-- Blog: http://geeklyeverafter.blogspot.com/
    Tuesday, March 16, 2010 3:27 PM
  • Firstly the lexeme: true has no quotes so is not a string, but the lexeme: "true" does have quotes, so is of course a string in this case.
    Secondly, the C# compiler assigns a type to every literal constant in your source code, it has rules for doing this. 
    I see your point, but if you think about the compiler it doesn't see ambiguity, it has a set of rules for determing type from the lexical nature of the text.
    I know the C# parser doesn't see this ambiguity, because the grammar has specific rules that are matched in a specific order to remove any possible ambiguity.
    I only mentioned the "true" string vs bool case because as you said, you wish to gather that information from a "string that contains the text of a literal C# constant". So, knowing that your information is already within a string, the issue remains as so, unless of course you're representing a string with that string with additional quotes. I'm not sure this is clear enough, what I'm saying is that a string your string containing a literal C# constant that represents in itself a string would be something like ""my string"". Right?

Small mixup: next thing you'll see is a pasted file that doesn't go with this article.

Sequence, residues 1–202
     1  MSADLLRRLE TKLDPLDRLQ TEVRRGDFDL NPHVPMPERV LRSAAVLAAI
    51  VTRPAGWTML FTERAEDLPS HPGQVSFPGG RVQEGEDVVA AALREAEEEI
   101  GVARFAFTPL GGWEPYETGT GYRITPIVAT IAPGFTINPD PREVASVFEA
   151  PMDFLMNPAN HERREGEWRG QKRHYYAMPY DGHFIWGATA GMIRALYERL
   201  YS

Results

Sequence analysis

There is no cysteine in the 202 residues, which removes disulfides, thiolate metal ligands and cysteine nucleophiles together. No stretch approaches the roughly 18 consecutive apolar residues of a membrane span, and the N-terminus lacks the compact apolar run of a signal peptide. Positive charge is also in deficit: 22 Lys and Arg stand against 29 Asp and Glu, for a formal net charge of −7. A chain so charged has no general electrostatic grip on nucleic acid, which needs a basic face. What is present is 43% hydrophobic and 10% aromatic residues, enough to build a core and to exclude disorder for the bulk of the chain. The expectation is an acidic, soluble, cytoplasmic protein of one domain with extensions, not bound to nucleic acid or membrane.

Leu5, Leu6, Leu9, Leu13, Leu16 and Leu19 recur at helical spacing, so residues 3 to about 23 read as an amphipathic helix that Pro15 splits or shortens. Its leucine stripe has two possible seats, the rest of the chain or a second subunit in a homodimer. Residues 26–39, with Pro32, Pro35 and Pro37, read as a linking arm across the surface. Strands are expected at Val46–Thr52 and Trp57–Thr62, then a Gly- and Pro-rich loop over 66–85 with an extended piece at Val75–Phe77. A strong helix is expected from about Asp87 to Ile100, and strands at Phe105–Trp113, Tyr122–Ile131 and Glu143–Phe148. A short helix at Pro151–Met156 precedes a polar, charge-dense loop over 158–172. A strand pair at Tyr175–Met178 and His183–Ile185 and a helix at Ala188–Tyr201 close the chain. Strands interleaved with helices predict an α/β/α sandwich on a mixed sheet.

Now concerning the C# rules, unless you find a way of doing it with the previously mentioned TryParse or CodeDom, maybe you could take a peek at some C# parser. Maybe the parser used in SharpDevelop (which is opensource) could give you the necessary hints.

    -- Blog: http://geeklyeverafter.blogspot.com/
    Yes you are right, the string "hello" will be stored in a string variable quotes and all, you can assign that like this actually:

    string text = @"""hello""";

    If you dump that string in debug and carefully examine the underlying characters (e.g. in a memory dump window) you can see the quotes are themselves stored in the string, this is just what you would see if you coded a simple lexical analyzer in C# and read the source code directly, creating tokens from raw text.

    Cap'n


    Tuesday, March 16, 2010 6:20 PM